2. Intestinal gas. No ice-water, but hot water for the first few days. Useful here are nux and capsicum, physostigmum or physostigma sulphate, xanthoxylum, matricaria, soda bicarb.; pituitrin except in gastro-intestinal cases, including appendectomies.

3. Hiccough. Belladonna, morphine and atropine, gelsemium, capsicum, lobelia, luminal, Hoffman's anodyne.

4. Inactive conditions of the digestive organs, lack of digestion and assimilation. Here the Eclectic can use his well-known stomachics and tonics, and may not need more, but in some cases digestives may be needed until the gastric glands, liver and pancreas can do their own work, in which case coroid, pepsin, taka diastase, hydrochloric acid and pancreatin may be needed.

5. Infections, primary or secondary, as pyemia, septicemia, empyema, gallbladder infections, pyelitis, etc. Here our old friend echinacea is our standby, with baptisia, phytolacca, corydalis, stillingia, etc. Hexamethylin is useful in gall-bladder and it and salol in pyelitis, as indicated.

6. Slow-healing fractures, wounds and ulcers. This is often due to lack of lime salts. Here we think of sodium and calcium locophosphate, vitamine preparations, parathyroid compound. If due to anemia, that must be treated. If due to impure blood, use the vegetable alteratives, iodides, etc. If positive Wassermann, add salvarsan or neosalvarsan to the list.

7. Lastly, in most surgical cases, due to lack of exercise, the remedies which help the hepatic and gastro-intestinal circulation and function help the patient to a more speedy recovery, and should be carried into the convalescent period.

Many conditions, perhaps, have been omitted, but the field is broad, and the Eclectic surgeon is prepared, if he will not drift away from his teachings, to meet all these conditions with good results.

Discussion.

DR. E. B. SHEWMAN (Cincinnati, O.): There should be a borderline in medicine and surgery. There is a borderline in the treatment of medical and surgical cases. In my candid opinion, in many instances, a good many of our surgical patients are over-medicated, particularly post-operative cases. This is, perhaps, true also of the pre-operative cases. When the doctor spoke of emergencies, I am afraid that a good many of our surgeons have not come to a discriminating understanding of what an emergency really is and what it means. A great many of the patients who are taken into hospitals and operated upon today as emergency cases are not emergencies. They should have pre-operative work, but they are put on the operating-table, whereas a few hours or days of preparation might have added something to them, before surgical shock is added to their condition, with a bad terminal result. It has come to our observation in the last few years that in the patients who come in with puerperal eclampsia, instead of rushing them to the operating-table it is well to give them pre-operative glucose and build them up rather than to do an immediate operation.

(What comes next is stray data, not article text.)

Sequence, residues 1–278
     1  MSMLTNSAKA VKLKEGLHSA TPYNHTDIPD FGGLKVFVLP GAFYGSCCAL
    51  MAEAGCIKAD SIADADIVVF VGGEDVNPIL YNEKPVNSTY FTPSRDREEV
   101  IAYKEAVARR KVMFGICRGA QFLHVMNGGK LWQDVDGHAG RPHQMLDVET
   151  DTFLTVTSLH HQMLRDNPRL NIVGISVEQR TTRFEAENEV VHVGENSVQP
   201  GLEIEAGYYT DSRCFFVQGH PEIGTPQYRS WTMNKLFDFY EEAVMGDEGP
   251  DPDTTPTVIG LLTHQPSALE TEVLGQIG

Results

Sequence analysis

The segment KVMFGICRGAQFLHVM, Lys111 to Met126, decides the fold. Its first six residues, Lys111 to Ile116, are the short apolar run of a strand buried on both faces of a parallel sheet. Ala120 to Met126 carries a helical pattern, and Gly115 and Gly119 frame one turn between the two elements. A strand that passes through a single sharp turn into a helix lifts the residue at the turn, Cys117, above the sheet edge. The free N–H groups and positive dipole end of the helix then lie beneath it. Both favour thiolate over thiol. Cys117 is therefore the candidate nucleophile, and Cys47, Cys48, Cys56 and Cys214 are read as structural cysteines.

The doctor spoke of albumin. You must remember that practically every case that has a considerable amount of pus in the body, particularly in the abdomen or chest, carries albumin, but albumin without the presence of casts, hyaline or granular, does not mean anything. Albumin is present in the presence of pus in the body, but is not a nephritic lesion and should not be treated as such. In the post-operative cases a good deal of the medication by mouth is not applicable immediately following the operation, because the patient is probably vomiting. We do not any longer see the extreme cases of surgical shock that we formerly saw, and I am still convinced that fluids in the body are necessary, because many of the patients at the time of operation, particularly for emergency, are already dehydrated. Salt solution at the time of operation and immediately following is very necessary, either by proctoclysis, intravenously, or any other way.

Dr. Cox (closing): I have nothing to add to the paper. I only tried to mention some of the things that may be used when necessary. I will admit that patients with chronic albuminuria may be put in better shape by proper pre-operative care.


National Eclectic Medical Association Quarterly, Vol. 19, 1927-28, was edited by Theodore Davis Adlerman, M.D.